Putting together what is lost

Shamanism is one of the most ‘primitive’ forms of religious practices, which deals with the emotional components of identity, and is connected to forms of animism, the taking of psychoactive drugs, and an outcome of spiritual wholeness and enhanced perceptual processes through a process of figurative dismembership of the self, suffering and symbolic death. According to C Michael Smith, in Jung and Shamanism in Dialogue,

Shamanistic relations with the sacred rest upon a pre-theological and pre-political spiritual vision and experience. Having probably arisen in the Paleolithic-hunter period of cultural evolution, when small tribal groupings had not given rise to priesthoods and credal dogma, shamanic authority rested upon the sacred power and efficacy which shamans could command for the benefit of the people. That is to say, the shamanic vision of reality and the shamanic authority rest upon levels of experience rather than upon priestly ordination or institutional hierarchy. ( p 38)

There is thus a strong link between autobiographical explorations as a means to self knowledge and the healing of others through the knowledge one has gained of oneself and the psychic realm of things (no doubt knowledge subjectively influenced by the nature of one’s particular history and the particular nature of the societies one has experienced.) Autobiographical and literary signs point to the adoption by Marechera of various shamanistic perspectives and motifs.

The link between African animistic and magical practices and the cultural revolution of the late 60s and the 70s is significant for understanding Marechera. It is not that he adopted precisely his own homegrown nativistic techniques for engaging with the world of magic. Rather, he seems to have derived a very personal intra-subjective approach of his own, in relation to psychic (soul) fragments and sub-identities which exist within a more complete aesthetic a psych-social context of his stories. Whether or not this literary technique came out of his own psychic injuries, we cannot know.

It is common for those who have been deeply injured in some way to learn to see the world in the manner of a shaman, according to Michael Richardson, who wrote as much concerning Georges Bataille. Indeed, it appears that a socially modernistic current of shamanism may be detected to some degree in the work of Georges Bataille, who seems to attempt to approach a condition of self-transformation and achievement of mystical (and simultaneously sexual) source of ecstacy under the auspices of conditions within the modernist state. According to C Michael Smith in Jung and Shamanism in Dialogue,

Shamans and persons suffering from dissociative disorders have much in common. Both know how to dissociate and utilize trance states, and both have exceptionally enhanced imaginative powers. Shamans have been the great masters of psychological dissociation, and they have been able to use it for therapeutic purposes as well as for the benefit of the larger community. […I]t may be useful to briefly review some of the dissociative features of shamanism and compare them to [Multiple Personality Disorder, now known as Dissociative Personality Disorder]. Such phenomena as trance states, meaningful hallucinations, hypnotic amnesia, symbolic dreams, ritual dismembership, possession by spirits, possession by ancestral souls, neurological exhaustion following trance work, use of intoxicants (or hallucinogens) to stimulate dissociation, out of body experiences, and transformation of identity are common to the shaman and the person suffering MPD ( p 179, 180).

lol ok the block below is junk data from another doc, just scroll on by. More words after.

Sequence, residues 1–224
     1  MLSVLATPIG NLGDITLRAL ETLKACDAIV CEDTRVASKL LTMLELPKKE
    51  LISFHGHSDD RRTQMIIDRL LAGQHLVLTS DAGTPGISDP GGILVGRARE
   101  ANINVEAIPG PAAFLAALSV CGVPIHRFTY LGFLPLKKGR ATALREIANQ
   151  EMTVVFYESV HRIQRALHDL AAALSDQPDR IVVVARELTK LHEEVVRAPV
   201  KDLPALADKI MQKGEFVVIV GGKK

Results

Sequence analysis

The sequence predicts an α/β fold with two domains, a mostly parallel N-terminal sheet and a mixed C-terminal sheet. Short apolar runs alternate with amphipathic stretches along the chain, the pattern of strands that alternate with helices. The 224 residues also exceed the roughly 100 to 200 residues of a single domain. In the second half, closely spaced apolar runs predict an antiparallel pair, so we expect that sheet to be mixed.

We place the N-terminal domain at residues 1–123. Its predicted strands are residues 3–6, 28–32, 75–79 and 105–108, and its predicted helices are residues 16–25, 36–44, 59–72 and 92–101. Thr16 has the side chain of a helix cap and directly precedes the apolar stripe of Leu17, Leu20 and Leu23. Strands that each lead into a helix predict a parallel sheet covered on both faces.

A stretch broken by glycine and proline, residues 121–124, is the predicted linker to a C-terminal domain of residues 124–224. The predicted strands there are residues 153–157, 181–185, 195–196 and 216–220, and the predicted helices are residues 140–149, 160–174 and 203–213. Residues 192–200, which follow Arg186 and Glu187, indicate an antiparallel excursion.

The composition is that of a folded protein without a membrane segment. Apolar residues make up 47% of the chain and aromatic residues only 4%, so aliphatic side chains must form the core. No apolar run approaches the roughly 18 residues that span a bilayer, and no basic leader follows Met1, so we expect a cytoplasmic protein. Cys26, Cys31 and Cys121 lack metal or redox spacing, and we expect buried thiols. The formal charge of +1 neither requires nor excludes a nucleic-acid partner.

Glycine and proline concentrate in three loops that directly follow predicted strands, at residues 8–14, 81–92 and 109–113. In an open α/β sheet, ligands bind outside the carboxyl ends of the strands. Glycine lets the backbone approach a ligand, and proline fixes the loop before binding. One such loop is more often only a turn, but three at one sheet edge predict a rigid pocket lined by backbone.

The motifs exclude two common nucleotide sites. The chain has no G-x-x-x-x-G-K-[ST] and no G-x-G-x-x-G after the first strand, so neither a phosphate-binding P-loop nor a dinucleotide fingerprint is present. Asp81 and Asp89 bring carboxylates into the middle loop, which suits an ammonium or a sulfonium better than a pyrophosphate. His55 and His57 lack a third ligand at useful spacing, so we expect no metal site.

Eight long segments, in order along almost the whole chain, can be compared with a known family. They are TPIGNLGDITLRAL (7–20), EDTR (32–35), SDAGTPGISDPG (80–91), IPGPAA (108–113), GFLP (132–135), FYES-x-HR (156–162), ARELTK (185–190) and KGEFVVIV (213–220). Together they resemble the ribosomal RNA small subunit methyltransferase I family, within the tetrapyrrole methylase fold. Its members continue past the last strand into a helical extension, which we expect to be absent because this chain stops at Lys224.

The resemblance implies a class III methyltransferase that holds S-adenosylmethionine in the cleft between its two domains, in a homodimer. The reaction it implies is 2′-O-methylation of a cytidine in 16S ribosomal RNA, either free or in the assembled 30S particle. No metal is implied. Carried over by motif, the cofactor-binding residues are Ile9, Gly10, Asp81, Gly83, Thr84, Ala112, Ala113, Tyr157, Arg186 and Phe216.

The author goes on to relate the involuntary nature of the of these experiences for someone suffering from MPD as compared to the Shaman who “intentionally evokes dissociative states for the purpose of exploration of non-ordinary reality, for the purposes of making diagnosis and contacting healing potentials and for the purpose of healing his or her patient.” ( p 180). In a similar way, the self explorations of the psychic (soul) dimensions subjectively entailed for him in Marechera’s various social environments gives us a subjective ground map of such environments which can be used bfor healing one’s own fractured identities.

The Black Insider, and to a greater extent, Black Sunlight, both rely heavily on literary impulse to convey their ideas, whilst setting themselves in a particular cultural and historical context.   This indicates an intentional aspect to the dissociative experiences — making them shamanistic.

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